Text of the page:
It is not only the disinfectant content of a wipe which affects efficacy, but also the actual composition and material of the wipe has an impact on the ability of the wipe to mop up and hold pathogens rather than just spreading them over the wiped area. The EN16615: 2015 test provides the

highest level of testing for antimicrobial, ready-to-use wipes. The test examines the efficacy of the wipe as a whole - the wipe itself plus the disinfectant component. It cannot be assumed that all clinical use wipes will be certified to both EN16615 and EN14476. Those which do not comply to both norms may not be fit for purpose, which is not a risk worth taking during a coronavirus pandemic. When referring to European Norms, it is essential to make product comparisons

based on testing to the most up to date standards. Over time, standards become increasingly rigorous, to protect both patients and staff, but there is no mandatory requirement for manufacturers to test to the latest standards. Newer and more rigorous standards may recommend increased disinfectant concentrations and longer contact times, to ensure microbial efficacy.

Choosing the optimum disinfection

product may mean that a number of different ones are required depending on the surface to be cleaned. For example, ethanol shows a significant activity on the human coronavirus5

so a virucidal

disinfector/cleaner containing ethanol, such as mikrozid®

wipes may play a useful

role in the cleaning and disinfection of hard surfaces, particularly as it is effective against enveloped viruses within one minute (EN14476). Conversely, alcohol-free wipes may be

needed to clean and disinfect surfaces sensitive to alcohol like leather, PVC and acrylic glass. A low-alcohol disinfectant may be utilised where a material friendly disinfectant is required such as patient treatment units and sensitive, high-value equipment. Whatever type of disinfectant is selected, it should still meet the requirements defined in EN14476 for virucidal efficacy.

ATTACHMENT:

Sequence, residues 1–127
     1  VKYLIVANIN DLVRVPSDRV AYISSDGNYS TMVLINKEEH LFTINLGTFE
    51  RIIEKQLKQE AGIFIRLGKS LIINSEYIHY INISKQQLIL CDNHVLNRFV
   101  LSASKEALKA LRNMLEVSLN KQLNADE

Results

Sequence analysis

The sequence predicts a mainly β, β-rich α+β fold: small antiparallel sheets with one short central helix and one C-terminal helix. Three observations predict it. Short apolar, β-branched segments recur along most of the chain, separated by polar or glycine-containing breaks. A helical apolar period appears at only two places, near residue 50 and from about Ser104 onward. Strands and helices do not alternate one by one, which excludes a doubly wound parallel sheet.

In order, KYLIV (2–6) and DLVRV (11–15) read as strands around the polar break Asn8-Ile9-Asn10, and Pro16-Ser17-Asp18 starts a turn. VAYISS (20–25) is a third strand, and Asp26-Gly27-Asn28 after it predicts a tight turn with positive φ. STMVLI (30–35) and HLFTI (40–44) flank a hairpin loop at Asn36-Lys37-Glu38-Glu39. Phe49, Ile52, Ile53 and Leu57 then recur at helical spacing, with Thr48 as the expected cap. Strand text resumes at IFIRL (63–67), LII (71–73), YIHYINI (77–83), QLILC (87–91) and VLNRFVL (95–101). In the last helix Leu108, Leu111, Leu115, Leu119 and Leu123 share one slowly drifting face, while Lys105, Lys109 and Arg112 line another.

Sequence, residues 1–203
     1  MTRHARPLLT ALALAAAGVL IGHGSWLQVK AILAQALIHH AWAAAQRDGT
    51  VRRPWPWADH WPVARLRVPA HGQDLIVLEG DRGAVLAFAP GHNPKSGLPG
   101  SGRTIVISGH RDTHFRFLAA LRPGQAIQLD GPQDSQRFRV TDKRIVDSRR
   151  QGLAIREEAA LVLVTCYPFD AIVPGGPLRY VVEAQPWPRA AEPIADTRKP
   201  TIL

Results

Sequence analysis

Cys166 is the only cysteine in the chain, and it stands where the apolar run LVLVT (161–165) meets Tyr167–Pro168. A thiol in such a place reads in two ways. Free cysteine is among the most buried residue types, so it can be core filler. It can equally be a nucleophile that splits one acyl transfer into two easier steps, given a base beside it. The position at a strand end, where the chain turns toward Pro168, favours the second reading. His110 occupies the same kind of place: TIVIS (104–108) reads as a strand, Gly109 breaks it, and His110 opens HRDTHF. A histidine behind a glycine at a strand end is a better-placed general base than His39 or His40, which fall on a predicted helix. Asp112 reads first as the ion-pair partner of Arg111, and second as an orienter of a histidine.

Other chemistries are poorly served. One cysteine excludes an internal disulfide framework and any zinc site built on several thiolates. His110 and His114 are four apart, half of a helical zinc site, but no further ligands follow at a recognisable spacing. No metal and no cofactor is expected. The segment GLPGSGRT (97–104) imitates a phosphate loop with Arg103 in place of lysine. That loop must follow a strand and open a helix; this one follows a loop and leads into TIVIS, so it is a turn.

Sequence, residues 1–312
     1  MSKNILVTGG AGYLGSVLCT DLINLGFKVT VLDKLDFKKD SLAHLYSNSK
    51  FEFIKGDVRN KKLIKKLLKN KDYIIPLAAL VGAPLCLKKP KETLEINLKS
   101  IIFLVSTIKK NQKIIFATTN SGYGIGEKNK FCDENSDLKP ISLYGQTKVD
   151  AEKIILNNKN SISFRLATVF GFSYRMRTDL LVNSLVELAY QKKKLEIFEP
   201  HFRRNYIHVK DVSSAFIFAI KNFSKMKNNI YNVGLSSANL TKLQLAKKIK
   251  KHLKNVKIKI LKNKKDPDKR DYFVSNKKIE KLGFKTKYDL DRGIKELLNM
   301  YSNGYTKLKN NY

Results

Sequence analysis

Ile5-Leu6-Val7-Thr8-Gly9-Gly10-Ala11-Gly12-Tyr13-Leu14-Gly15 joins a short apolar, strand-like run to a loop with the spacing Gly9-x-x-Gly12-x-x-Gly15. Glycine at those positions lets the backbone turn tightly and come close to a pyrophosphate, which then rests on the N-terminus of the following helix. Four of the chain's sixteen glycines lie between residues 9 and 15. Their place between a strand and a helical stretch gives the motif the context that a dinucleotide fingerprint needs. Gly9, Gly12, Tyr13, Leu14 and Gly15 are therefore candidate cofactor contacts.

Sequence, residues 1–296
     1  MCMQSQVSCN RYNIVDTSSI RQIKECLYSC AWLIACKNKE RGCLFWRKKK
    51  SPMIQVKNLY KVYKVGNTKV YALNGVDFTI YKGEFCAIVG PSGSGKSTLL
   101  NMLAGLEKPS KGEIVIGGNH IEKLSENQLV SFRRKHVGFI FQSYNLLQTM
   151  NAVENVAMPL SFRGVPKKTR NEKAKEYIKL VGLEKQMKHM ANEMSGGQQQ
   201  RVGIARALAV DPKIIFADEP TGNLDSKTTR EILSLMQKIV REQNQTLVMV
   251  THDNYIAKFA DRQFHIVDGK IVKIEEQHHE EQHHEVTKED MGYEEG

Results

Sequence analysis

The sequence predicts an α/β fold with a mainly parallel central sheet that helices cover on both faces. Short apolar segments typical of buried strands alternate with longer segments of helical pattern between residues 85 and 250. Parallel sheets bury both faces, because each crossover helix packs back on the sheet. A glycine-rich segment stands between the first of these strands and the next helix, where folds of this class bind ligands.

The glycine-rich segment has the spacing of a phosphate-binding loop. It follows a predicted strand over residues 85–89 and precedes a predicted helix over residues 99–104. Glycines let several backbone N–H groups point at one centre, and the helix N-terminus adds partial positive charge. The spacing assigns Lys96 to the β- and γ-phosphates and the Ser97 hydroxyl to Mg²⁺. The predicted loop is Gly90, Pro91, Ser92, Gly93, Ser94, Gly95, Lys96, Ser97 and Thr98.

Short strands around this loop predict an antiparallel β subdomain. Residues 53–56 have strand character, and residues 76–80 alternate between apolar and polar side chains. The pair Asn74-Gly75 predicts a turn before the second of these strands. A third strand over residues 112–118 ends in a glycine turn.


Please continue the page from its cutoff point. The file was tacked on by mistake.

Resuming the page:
Conclusion Until an effective, universally accessible vaccine is available, it is highly likely that COVID-19 will remain a threat for the foreseeable future. The highest standards of infection prevention in healthcare facilities is therefore essential, including the selection of optimum disinfectants. Referring to the latest EU standards can help simplify the process.


References 1 Public Health England. COVID-19: guidance for health professionals, 2020 wuhan-novel-coronavirus.

2 Kraay ANM, Hayashi MAL, Hernandez-Ceron N et al. Fomite-mediated transmission as a sufficient pathway: a comparative analysis across three viral pathogens. BMC Infect Dis 2018; Oct 29; 18 (1): 540.

3 Kampf G, Todt D, Pfaender S, Steinmann E et al. Persistence of coronaviruses on inanimate surfaces and their inactivation with biocidal agents. J Hosp Infect 2020; 104 (3): 246-51.

4 van Doremalen N, Bushmaker T, Morris DH et al. Aerosol and surface stability of SARS- CoV-2 as compared with SARS-CoV-1. N Engl J Med 2020; Apr 16; 382 (16): 1564-7. doi:10.1056/NEJMc2004973

Petri dishes.

5 Geller C, Varbanov M, Duval RE. Human Coronaviruses: insights into environmental resistance and its influence on the development of new antiseptic strategies. Viruses 2012; 4 (11): 3044-68.